Caryn MacKenzie is a leader, mentor, teacher and coach of soccer. With her time on the courts and the courts, she has been breaking glass ceilings for decades. She coached soccer at Adams and Riley High Schools and at Saint Mary’s College.
After 20 years of head training for college girls and numerous conference championships, Caryn retired from the high school coaching ranks in 2019 as Conference Coach of the Year. Along the way, Caryn was an influence at the Stanley Clark School. She continues to coach college girls and is the school’s sports director. She is the director of the SB World Cup football day camp, which is now in its 40th year.
But let’s come back to this precursor theme. She did it again when she was named to the Indiana Soccer Coaching Hall of Fame this month. She is the first woman to receive this honor.
Caryn was surprised when she got the call about the lobby. She said honor is a way to influence young women. âSeeing 400 people at the ceremony, girls and their parents, is inspiring. I had to catch my breath âwith the crowd present.
Her pioneering days go back to junior high when she wanted to play basketball and there was no women’s team in her hometown of Illinois. It was the first days of Title IX. His father, John, influenced the all-male school board that it was the law of the land. She tried and she was on the team.
John was a college football coach, so he knew the talent.
It wasn’t that easy. âI changed in the janitor’s cupboards or in the guest rooms. There were no changing rooms. I warmed up on my own. The gyms were packed (to see me). I was a novelty. People screamed and told me to come home. It didn’t matter to me. In eighth grade, I was voted MVP, âshe said.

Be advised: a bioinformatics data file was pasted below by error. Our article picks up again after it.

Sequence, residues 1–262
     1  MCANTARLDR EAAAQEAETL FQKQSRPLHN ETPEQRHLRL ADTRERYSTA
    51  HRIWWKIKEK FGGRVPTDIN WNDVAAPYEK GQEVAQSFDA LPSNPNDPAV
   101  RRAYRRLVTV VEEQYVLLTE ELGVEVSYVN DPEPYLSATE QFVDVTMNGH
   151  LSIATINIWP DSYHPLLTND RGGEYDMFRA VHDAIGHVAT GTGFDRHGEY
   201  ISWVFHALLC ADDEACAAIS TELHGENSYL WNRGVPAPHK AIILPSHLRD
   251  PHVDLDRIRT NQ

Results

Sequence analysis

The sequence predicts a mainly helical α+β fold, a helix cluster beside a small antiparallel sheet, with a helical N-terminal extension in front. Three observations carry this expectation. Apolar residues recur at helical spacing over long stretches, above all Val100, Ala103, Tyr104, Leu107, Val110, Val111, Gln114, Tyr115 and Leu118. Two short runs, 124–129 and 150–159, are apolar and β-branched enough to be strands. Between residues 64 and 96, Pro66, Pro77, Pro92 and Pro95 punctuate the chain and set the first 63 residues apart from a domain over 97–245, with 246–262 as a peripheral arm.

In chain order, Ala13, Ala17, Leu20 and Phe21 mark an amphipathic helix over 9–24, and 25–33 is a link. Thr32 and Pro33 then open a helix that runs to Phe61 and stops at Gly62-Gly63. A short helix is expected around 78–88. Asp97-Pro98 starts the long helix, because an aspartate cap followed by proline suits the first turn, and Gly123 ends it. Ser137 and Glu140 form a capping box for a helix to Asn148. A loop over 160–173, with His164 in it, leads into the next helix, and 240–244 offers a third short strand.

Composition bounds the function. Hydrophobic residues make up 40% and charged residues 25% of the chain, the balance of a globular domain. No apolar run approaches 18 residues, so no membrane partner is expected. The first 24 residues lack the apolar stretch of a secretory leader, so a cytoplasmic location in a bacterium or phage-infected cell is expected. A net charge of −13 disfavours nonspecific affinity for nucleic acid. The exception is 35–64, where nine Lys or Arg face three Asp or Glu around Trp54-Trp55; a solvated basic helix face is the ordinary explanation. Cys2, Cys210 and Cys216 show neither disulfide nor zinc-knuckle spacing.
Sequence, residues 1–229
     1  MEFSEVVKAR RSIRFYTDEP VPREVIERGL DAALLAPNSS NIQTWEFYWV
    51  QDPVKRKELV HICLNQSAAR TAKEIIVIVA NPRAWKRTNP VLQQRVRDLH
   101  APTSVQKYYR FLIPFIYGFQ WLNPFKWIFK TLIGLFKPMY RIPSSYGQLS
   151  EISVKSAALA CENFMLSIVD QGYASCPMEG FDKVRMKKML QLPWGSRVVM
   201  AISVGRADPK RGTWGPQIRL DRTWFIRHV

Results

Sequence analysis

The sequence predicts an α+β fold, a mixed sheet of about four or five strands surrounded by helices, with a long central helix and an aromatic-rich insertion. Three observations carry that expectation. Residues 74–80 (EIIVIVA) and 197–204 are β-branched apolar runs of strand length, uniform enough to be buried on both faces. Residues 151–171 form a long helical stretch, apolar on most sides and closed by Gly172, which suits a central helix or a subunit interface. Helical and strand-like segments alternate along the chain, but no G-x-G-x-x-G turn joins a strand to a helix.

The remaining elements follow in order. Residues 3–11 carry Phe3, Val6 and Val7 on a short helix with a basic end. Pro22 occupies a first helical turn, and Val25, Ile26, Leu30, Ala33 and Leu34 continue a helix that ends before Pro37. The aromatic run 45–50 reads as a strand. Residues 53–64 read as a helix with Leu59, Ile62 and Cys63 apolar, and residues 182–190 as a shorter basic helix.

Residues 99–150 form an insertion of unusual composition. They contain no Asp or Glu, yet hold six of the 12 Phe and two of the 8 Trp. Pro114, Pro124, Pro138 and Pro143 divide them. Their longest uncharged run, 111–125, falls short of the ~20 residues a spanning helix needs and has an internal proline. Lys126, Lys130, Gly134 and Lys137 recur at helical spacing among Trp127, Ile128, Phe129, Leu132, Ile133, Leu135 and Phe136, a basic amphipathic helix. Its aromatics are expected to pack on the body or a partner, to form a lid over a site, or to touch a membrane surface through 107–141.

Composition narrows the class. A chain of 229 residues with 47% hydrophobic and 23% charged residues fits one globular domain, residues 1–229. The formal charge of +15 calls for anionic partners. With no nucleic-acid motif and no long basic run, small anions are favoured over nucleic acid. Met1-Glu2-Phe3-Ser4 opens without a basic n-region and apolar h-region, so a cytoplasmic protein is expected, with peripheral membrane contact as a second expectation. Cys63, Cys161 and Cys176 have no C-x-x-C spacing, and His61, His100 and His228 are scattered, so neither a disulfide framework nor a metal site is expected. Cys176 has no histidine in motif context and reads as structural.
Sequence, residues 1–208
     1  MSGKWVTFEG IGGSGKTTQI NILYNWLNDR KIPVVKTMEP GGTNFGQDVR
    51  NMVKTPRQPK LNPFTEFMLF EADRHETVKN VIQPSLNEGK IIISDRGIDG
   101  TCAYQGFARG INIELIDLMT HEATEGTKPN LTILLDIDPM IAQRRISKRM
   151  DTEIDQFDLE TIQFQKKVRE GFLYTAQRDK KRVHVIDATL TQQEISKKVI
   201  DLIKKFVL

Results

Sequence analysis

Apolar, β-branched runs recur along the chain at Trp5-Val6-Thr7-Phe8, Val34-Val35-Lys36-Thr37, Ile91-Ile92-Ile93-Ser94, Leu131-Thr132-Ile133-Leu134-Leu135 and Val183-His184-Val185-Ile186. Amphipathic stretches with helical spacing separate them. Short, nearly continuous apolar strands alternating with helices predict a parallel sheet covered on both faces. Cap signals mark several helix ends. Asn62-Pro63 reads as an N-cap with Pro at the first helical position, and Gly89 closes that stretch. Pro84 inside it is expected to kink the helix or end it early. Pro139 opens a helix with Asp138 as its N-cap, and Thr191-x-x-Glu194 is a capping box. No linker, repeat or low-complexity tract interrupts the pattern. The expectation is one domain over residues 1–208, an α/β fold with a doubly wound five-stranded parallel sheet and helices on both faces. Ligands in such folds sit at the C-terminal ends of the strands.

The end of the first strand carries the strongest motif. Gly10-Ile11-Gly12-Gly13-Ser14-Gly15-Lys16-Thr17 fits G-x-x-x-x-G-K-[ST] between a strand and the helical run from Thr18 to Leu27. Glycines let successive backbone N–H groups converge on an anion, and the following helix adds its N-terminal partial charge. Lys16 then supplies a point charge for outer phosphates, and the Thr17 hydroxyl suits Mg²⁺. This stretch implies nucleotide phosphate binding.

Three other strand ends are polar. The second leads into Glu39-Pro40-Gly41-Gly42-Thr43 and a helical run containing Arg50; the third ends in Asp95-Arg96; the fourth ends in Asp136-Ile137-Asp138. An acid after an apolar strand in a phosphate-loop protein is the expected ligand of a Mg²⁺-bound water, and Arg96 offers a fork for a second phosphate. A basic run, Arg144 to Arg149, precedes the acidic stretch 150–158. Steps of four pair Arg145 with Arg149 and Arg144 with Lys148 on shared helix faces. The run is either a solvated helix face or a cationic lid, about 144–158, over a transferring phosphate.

In a few years, there were more girls on the teams, then they had their own team.
She played basketball and volleyball until high school. At the University of Quincy, she received scholarships in softball and basketball. While there, she was brought in to try football as a club sport. In his senior year, football was a college sport.
With graduation in 1984, Caryn said, there were no jobs for physical education teachers and coaches. Thanks to friends and other coaches, she interviewed for the Stanley Clark School. “Jim tallman hired me. Without him, I wouldn’t have a job in teaching. Everyone needs a Jim Tallman in their life.
Jim was the athletic director of SCS and is now the director of alumni engagement.
Caryn began coaching at Adams through connections in the summer football program. Later, there was a stint at Riley, then back at Adams. Then it was Sainte-Marie. Then back to Adams for six years. Then it was time to take the time to smell the roses. It was right before the pandemic, and the timing turned out to be perfect.
The term âpioneerâ is used when friends and gamers talk about Caryn.
Former student of Sainte Marie Laura Heline said Caryn was motivating. âShe wanted you to have fun and enjoy the game. She told us to leave worries in the parking lot when we walked to practice. It is the enthusiasm that has rubbed off.
Laura, who is now the head athletic trainer at the University of Southern Indiana at Evansville, continued that the team heard about Caryn’s journey in the sport and realized it was an experience shared with all. the players.
Former Saint Mary’s athletic director Lynn kachmarik is proud of her former trainer. âShe’s a rock star. She has knowledge and energy. I called her to train at Saint Mary’s and met her.
It took several more visits to Stanley Clark to get Caryn on board. âShe turned the program into everything it could be. She changed the culture. It inspires coaches and players. Caryn is a hidden gem.
Jim Tallman said Caryn has a great relationship with the students and has a respect for the coaches. âHis teams have always been well trained. She is the best. She has a wonderful passion for training. She is a great role model. “
For Caryn, coaching is a profession. âYou have to love sport. Love the children. Meet them where they are. Understand them. Stay in the know. “
And it is better than to be a pioneer. It’s a thing to do for Caryn.
Contact Kathy Borlik at [email protected]